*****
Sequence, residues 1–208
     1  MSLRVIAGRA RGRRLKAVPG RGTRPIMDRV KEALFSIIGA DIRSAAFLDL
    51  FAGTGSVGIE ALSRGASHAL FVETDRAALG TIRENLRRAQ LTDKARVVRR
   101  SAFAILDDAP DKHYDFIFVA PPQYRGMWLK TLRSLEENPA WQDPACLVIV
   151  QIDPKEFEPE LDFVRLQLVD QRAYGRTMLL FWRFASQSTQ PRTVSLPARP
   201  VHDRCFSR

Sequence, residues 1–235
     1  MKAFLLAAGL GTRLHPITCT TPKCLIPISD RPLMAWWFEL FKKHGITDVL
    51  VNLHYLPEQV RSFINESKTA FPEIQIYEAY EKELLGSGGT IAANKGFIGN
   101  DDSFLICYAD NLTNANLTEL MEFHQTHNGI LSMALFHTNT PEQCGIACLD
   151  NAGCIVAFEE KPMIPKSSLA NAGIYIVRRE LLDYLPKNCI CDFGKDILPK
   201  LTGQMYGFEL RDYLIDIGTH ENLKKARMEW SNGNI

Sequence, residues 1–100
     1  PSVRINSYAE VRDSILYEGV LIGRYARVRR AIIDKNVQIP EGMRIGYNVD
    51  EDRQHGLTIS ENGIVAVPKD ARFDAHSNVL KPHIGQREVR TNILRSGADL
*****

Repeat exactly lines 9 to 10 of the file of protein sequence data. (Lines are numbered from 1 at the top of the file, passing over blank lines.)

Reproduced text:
    51  VNLHYLPEQV RSFINESKTA FPEIQIYEAY EKELLGSGGT IAANKGFIGN
   101  DDSFLICYAD NLTNANLTEL MEFHQTHNGI LSMALFHTNT PEQCGIACLD